Tempo assignment

Melodyne’s tempo detection is uncomplicated and is conducted automatically. Despite this, you occasionally need the Assign Tempo Mode as there is room for multiple interpretations (compare note detection). It can happen that Melodyne interprets the tempo in a manner that does not accord with your own – it’s only human, after all …

Think of two people listening to the same song and tapping their feet. They won’t necessarily do so in unison. One may tap twice as fast, because he’s counting the music in double time; or he might pick up on a triplet impulse in the music while the other sticks to the quarter notes. Both ways of counting are legitimate and a judgement call. Melodyne also “taps its foot” (so to speak), interpreting the tempo its way, which is not necessarily one with your own.

Admittedly how it counts the rhythm makes no difference to the music itself, but it is important in certain contexts, one being when it comes to syncing recordings with different tempos.

Take the case of a song in which you count twice as many beats as Melodyne: To your way of thinking, the tempo might be 160 BPM, whereas Melodyne interprets it as 80 BPM. Now suppose you wish to add from a library a drum loop originally recorded at 100 BPM. You’d want to speed it up to match your 160 BPM, but Melodyne’s instinct will be to slow it down to its 80 BPM. Both results would be right in the sense that the loop would not shoot off at a tangent, but musically they would be completely different. For this reason, Melodyne lets you tell it: “Don't run the song at 80 BPM but at 160 BPM”. This double-time variance is easily resolved, but music can be extremely complex, with time signature and tempo changes, constant fluctuations and passages where it dramatically speeds up or slows down.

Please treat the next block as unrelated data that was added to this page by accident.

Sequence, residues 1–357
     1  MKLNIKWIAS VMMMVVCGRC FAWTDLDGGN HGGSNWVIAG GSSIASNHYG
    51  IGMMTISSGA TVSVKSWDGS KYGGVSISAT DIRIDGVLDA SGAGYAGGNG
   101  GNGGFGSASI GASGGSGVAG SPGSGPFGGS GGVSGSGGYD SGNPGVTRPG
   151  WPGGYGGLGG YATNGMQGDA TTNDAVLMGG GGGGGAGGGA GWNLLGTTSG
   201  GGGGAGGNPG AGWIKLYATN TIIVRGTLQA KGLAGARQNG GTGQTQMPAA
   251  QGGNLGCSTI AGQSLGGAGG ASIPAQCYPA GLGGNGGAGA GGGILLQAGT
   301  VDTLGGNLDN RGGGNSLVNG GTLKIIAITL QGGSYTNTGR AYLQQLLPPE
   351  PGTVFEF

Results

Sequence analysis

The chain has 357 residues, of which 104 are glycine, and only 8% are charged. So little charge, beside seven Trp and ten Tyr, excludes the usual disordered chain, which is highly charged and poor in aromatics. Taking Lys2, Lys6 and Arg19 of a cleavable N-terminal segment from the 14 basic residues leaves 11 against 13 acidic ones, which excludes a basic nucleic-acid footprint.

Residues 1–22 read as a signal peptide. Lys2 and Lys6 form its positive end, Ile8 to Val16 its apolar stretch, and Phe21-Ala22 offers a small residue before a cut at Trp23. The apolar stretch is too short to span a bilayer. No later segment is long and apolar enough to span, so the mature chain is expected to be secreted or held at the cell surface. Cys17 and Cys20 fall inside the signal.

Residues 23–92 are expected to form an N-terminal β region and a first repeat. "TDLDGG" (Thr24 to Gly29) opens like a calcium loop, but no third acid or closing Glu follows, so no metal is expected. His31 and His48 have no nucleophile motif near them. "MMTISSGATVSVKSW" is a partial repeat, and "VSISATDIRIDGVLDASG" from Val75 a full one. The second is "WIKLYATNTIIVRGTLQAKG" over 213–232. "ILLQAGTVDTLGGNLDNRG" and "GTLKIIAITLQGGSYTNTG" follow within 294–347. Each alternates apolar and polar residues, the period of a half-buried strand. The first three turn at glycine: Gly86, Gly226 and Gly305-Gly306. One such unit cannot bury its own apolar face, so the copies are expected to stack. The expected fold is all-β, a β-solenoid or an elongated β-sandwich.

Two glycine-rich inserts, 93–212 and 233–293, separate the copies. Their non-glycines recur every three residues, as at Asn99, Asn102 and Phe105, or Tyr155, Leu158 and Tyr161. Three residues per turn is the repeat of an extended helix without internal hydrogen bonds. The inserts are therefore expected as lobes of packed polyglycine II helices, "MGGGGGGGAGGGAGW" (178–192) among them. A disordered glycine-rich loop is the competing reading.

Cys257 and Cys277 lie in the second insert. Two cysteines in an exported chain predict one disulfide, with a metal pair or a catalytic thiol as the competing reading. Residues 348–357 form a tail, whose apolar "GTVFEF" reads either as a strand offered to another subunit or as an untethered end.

All differences of opinion to which these complexities may lead can be resolved in the Assign Tempo Mode. That is where you edit the Bar Ruler, by dragging the graduations representing beats and bar lines to the right or left.

This has no immediate effect on the music itself, but by doing it you ensure that the Bar Ruler and metronome match the music as you understand it. This is important as it means that when you come to edit the tempo and timing later, the results will be accurate and appropriate musically.